Many facets to risk tolerance

No one way is right for asset allocation

Your Money


Judging by the multitude of "risk tolerance" or "investor risk profile" questionnaires I have filled out lately, I should invest in a "balanced" portfolio of about 60 percent stocks and 40 percent fixed income.

But there is no way I am going to do that, not now.

Although I am risk-averse, 60 years old and semiretired, the questionnaires steer me toward a stock-dominated portfolio.

That's largely because I tend to hold my investments for the long term and supplement my investment income with freelance writing. The asset allocation of 60 percent stocks and 40 percent fixed income is the one that more closely corresponds to my answers to questions about investment experience, goals and risk-reward trade-offs.

But that's not what my gut tells me, and I am going with my gut. My decision is to keep no more than 30 percent of my portfolio in stocks now (or 40 percent tops, counting real estate and commodities). I sleep soundly at night with this more conservative portfolio and still expect to achieve the return I need to fulfill all my financial goals.

I am not at all suggesting that my asset allocation is appropriate for most people my age, let alone others. There is no one "right" asset allocation, only one that's best suited for you, given your unique circumstances and goals. Rather, I want to make these points:

First, the ubiquitous risk-tolerance questionnaire you see in financial magazines, or receive as part of the sales literature for mutual funds, variable annuities and other investments, is only one tool among many to help determine how much risk to assume.

Second, even if a questionnaire gauges your risk tolerance correctly, you should treat it like a speed-limit sign.

If a questionnaire suggests an 80 percent stock allocation based on your risk tolerance, for example, I would read it as saying you shouldn't have more than 80 percent of your money in stocks, not that you must have 80 percent in them.

"Unfortunately, a lot of the questionnaires are designed to find an estimate of your maximum risk tolerance, which is really to the benefit of Wall Street salespeople," said Richard A. Ferri, a chartered financial analyst and author of the book All About Asset Allocation, published by McGraw-Hill in September. The riskier asset classes, such as stocks, typically come with higher expenses and management fees.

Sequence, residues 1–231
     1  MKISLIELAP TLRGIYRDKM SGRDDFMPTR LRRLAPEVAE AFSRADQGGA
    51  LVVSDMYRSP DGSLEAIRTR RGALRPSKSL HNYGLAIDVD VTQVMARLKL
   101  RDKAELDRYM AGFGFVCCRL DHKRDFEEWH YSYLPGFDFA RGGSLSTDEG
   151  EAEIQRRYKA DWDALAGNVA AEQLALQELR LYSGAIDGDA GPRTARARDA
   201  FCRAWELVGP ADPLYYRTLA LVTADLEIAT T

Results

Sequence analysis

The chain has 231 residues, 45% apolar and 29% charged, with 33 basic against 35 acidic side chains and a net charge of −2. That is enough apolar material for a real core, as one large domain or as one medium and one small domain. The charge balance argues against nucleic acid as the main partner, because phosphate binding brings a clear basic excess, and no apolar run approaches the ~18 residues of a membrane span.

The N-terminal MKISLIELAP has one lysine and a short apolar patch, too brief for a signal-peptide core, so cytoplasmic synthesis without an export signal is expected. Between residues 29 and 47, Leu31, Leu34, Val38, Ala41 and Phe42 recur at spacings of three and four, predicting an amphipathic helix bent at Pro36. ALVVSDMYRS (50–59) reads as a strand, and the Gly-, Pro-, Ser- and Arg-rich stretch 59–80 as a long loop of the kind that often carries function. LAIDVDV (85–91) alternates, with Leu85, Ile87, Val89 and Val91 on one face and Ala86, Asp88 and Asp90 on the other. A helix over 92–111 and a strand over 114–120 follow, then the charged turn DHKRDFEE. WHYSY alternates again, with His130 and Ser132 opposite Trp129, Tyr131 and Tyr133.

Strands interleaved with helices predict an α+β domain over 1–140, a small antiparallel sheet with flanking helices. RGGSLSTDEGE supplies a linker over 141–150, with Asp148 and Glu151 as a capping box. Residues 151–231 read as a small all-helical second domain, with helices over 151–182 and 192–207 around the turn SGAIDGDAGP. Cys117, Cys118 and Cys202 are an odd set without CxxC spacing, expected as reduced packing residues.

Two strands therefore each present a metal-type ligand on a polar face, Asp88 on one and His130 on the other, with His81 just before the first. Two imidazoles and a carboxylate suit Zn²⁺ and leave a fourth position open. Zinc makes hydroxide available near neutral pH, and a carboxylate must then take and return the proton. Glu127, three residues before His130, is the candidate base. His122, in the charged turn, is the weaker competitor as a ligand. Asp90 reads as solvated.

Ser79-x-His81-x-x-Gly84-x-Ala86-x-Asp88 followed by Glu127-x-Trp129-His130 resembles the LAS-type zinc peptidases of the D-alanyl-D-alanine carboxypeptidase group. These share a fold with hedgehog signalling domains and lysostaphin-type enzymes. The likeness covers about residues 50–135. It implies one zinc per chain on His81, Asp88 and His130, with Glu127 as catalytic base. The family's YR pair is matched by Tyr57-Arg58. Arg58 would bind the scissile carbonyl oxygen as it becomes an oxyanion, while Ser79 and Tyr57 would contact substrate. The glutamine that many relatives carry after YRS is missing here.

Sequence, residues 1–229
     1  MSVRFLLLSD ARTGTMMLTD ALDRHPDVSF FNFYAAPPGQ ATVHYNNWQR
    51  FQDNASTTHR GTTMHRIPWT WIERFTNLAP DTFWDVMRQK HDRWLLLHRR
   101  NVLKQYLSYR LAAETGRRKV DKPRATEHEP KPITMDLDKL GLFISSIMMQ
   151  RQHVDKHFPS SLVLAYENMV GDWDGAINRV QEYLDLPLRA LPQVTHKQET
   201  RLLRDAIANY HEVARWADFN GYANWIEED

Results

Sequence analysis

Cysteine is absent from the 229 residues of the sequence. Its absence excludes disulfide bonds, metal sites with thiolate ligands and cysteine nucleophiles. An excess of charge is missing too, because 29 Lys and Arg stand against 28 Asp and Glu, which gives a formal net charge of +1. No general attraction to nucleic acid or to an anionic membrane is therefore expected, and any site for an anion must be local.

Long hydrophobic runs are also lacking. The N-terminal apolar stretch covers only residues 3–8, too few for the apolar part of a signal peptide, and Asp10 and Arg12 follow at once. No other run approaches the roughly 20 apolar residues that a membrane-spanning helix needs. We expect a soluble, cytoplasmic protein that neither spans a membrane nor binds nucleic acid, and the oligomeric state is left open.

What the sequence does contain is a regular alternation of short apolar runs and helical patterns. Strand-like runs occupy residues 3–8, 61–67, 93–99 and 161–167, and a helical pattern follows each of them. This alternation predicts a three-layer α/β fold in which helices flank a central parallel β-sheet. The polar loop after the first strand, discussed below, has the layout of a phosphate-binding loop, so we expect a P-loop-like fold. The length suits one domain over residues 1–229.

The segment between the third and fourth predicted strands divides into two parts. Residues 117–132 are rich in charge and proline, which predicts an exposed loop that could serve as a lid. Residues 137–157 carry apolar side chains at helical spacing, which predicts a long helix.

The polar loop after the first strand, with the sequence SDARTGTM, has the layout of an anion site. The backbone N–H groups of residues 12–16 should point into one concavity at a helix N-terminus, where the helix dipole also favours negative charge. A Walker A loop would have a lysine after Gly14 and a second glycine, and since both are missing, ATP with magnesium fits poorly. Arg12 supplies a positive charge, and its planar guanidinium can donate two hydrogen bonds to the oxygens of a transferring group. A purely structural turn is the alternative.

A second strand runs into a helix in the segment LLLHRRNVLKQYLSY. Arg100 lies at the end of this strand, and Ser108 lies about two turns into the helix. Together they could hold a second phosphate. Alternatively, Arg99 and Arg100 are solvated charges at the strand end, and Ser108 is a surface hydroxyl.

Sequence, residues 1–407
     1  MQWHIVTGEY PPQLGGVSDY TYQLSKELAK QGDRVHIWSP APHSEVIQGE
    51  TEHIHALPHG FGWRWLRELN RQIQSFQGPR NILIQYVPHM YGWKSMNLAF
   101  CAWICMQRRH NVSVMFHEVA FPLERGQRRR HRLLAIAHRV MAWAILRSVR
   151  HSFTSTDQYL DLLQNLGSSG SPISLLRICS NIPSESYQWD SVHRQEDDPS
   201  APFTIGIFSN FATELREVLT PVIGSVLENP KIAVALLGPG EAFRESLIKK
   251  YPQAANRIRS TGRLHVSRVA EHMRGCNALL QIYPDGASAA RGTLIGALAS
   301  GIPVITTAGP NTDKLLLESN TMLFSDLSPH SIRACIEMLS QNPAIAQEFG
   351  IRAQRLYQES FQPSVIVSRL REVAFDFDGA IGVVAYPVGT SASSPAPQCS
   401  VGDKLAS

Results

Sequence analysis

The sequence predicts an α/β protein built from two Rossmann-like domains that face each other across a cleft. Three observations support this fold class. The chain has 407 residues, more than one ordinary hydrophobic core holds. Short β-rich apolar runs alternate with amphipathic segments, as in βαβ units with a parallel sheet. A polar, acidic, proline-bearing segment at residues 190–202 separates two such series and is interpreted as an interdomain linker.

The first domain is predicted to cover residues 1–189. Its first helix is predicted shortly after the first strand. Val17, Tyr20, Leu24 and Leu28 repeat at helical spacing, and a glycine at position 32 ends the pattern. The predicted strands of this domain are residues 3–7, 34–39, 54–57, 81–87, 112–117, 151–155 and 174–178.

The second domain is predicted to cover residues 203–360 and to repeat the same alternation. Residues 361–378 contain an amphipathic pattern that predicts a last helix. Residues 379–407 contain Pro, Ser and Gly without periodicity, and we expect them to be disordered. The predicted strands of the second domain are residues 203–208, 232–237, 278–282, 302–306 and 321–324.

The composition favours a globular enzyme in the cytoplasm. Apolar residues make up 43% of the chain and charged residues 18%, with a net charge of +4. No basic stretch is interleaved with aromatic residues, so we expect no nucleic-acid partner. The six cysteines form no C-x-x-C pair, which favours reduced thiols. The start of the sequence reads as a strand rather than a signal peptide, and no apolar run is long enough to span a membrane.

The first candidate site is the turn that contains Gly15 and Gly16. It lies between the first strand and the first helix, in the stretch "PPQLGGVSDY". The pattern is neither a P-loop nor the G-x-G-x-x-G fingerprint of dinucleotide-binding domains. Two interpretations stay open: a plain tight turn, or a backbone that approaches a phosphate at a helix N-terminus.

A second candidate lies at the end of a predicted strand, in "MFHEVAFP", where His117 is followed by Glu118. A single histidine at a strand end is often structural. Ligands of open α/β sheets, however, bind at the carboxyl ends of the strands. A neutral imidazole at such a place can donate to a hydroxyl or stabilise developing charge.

Most people tend to overestimate their risk tolerance. That's why most investors would be better off with an asset allocation below their maximum risk tolerance.

Otherwise, "you are not going to maintain your plan" and will panic and sell at the wrong time, said Ferri, president of Portfolio Solutions LLC, a fee-based investment advisory firm in Troy, Mich. Ferri's firm offers its clients an "asset allocation stress test" that shows, in dollar losses rather than percentages, how a particular asset allocation would have performed during previous down markets.

"I've been in this business almost 20 years, and I find that most people have a risk tolerance that is lower than what they are willing to admit in public or in a risk-tolerance questionnaire," Ferri said. In addition, we often answer the same questionnaire differently at different times in our lives, or after recent good or bad news (a promotion at work or a layoff, for example) or even based on our mood a particular day.

Before we can choose an appropriate asset allocation, we have to at least have an idea of the return we need. If 5 percent a year is enough to meet our goals, it would be foolish to take unnecessary risks (and perhaps incur a big loss) with an aggressive portfolio designed for somebody who needs much higher returns.

Humberto Cruz is a columnist for Tribune Media Services.

Baltimore Sun Articles
Please note the green-lined linked article text has been applied commercially without any involvement from our newsroom editors, reporters or any other editorial staff.